Latin America

The classic survey of Latin America's social and cultural history, with a new introduction by Isabel Allende

Since its U.S. debut a quarter-century ago, this brilliant text has set a new standard for historical scholarship of Latin America. It is also an outstanding political economy, a social and cultural narrative of the highest quality, and perhaps the finest description of primitive capital accumulation since Marx.

Rather than chronology, geography, or political successions, Eduardo Galeano has organized the various facets of Latin American history according to the patterns of five centuries of exploitation. Thus he is concerned with gold and silver, cacao and cotton, rubber and coffee, fruit, hides and wool, petroleum, iron, nickel, manganese, copper, aluminum ore, nitrates, and tin. These are the veins which he traces through the body of the entire continent, up to the Rio Grande and throughout the Caribbean, and all the way to their open ends where they empty into the coffers of wealth in the United States and Europe.

Weaving fact and imagery into a rich tapestry, Galeano fuses scientific analysis with the passions of a plundered and suffering people. An immense gathering of materials is framed with a vigorous style that never falters in its command of themes. All readers interested in great historical, economic, political, and social writing will find a singular analytical achievement, and an overwhelming narrative that makes history speak, unforgettably.
This classic is now further honored by Isabel Allende’s inspiring introduction. Universally recognized as one of the most important writers of our time, Allende once again contributes her talents to literature, to political principles, and to enlightenment.
Spanish American fiction became a world phenomenon in the twentieth century through multilanguage translations of such novels as Gabriel Garcia Marquez's One Hundred Years of Solitude, Manuel Puig's Kiss of the Spider Woman, Octavio Paz's Labyrinth of Solitude, and Isabel Allende's House of the Spirits. Yet these "blockbusters" are only a tiny fraction of the total, rich outpouring of Spanish-language literature from Latin America.

In this book, Naomi Lindstrom offers English-language readers a comprehensive survey of the century's literary production in Latin America (excluding Brazil). Discussing movements and trends, she places the famous masterworks in historical perspective and highlights authors and works that deserve a wider readership. Her study begins with Rodó's famous essay Ariel and ends with Rigoberta Menchú's 1992 achievement of the Nobel Prize. Her selection of works is designed to draw attention, whenever possible, to works that are available in good English translations.

A special feature of the book is its treatment of the "postboom" period. In this important concluding section, Lindstrom discusses documentary narratives, the new interrelations between popular culture and literary writing, and underrepresented groups such as youth cultures, slum dwellers, gays and lesbians, and ethnic enclaves. Written in accessible, nonspecialized language, Twentieth-Century Spanish American Fiction will be equally useful for general readers as a broad overview of this vibrant literature and for scholars as a reliable reference work.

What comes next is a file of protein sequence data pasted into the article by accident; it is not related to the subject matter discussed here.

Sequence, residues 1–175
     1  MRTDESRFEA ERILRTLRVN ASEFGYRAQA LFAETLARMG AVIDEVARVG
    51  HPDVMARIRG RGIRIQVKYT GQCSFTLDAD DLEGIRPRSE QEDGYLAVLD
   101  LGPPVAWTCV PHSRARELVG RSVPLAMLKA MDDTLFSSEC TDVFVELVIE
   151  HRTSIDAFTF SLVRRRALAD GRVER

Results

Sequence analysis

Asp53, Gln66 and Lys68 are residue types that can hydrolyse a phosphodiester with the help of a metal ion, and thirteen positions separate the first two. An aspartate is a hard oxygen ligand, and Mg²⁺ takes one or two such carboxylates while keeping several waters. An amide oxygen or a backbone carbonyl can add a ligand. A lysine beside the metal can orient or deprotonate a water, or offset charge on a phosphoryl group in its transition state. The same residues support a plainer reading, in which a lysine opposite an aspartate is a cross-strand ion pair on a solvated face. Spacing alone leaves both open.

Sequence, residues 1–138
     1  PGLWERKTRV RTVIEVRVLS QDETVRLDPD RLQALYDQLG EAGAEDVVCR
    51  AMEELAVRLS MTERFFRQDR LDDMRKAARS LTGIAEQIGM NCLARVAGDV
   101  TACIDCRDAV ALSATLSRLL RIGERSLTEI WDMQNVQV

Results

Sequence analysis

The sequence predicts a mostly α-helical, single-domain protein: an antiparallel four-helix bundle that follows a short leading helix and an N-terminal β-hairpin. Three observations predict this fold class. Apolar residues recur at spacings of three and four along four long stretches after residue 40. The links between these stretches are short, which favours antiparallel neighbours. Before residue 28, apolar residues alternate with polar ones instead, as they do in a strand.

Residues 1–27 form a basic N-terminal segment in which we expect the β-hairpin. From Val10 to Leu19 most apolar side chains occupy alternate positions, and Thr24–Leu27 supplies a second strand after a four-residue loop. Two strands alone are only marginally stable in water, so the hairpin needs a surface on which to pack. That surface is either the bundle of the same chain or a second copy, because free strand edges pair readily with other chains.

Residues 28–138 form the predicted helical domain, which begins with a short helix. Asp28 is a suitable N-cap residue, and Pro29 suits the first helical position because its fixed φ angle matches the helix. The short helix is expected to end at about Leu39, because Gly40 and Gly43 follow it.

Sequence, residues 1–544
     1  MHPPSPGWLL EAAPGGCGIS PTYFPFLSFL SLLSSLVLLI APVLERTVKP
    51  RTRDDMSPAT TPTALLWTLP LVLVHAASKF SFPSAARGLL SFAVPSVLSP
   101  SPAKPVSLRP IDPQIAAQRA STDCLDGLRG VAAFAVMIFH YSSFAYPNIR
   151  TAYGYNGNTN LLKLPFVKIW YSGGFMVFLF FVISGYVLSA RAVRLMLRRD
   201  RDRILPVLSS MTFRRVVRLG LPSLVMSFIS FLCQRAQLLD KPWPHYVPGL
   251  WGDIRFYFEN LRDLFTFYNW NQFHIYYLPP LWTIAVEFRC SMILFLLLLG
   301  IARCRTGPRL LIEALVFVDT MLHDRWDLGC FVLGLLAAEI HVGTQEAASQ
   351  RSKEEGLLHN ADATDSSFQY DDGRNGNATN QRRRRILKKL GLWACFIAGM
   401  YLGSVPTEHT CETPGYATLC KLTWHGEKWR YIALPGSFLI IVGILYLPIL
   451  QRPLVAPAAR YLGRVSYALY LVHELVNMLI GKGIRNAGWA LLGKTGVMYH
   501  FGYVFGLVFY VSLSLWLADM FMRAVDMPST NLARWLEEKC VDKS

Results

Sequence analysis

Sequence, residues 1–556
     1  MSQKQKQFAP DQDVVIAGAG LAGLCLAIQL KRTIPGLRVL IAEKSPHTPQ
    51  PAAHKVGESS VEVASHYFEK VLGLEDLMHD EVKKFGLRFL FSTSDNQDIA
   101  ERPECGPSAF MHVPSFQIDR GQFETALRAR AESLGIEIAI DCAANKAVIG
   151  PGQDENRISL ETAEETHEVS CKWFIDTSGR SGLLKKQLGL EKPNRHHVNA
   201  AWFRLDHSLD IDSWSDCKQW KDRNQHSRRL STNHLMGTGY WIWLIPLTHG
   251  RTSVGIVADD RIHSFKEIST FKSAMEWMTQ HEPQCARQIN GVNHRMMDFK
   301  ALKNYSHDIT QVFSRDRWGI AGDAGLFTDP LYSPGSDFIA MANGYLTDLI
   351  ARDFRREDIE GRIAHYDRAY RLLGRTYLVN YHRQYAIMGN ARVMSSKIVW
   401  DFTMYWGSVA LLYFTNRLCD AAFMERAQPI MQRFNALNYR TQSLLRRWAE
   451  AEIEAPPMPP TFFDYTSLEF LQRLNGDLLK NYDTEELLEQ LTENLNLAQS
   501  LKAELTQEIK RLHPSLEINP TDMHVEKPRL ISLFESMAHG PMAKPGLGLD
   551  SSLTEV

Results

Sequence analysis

This carefully crafted ebook: "Nostromo - A Tale of the Seaboard (Unabridged Deluxe Edition)" is formatted for your eReader with a functional and detailed table of contents. Nostromo: A Tale of the Seaboard is a 1904 novel, set in the fictitious South American republic of "Costaguana". Conrad set his novel in the mining town of Sulaco. The book has more fully developed characters than any other of his novels, but two characters dominate the narrative: Señor Gould and the eponymous anti-hero, the "incorruptible" Nostromo. In his "Author's Note" Conrad relates how, as a young man of about seventeen, while serving aboard a ship in the Gulf of Mexico, he heard the story of a man who had stolen, single-handedly, "a whole lighter-full of silver". But Conrad forgot about the story until some twenty-five years later when he came across a travelogue in a used bookshop in which the author related how he worked for years aboard a schooner whose master claimed to be that very thief who had stolen the silver. F. Scott Fitzgerald said, "I'd rather have written Nostromo than any other novel." Joseph Conrad (1857-1924), was a Polish author who wrote in English after settling in England. Conrad is regarded as one of the greatest novelists in English, though he did not speak the language fluently until he was in his twenties. He wrote stories and novels, often with a nautical setting, that depict trials of the human spirit in the midst of an indifferent universe. He was a master prose stylist who brought a distinctly non-English tragic sensibility into English literature. Contents: Nostromo: A Tale of the Seaboard Memoirs & Letters: A Personal Record; or Some Reminiscences The Mirror of the Sea Notes on Life & Letters Biography and Critical Essays: Joseph Conrad (A Biography) by Hugh Walpole Joseph Conrad by John Albert Macy A Conrad Miscellany by John Albert Macy Joseph Conrad by Virginia Woolf
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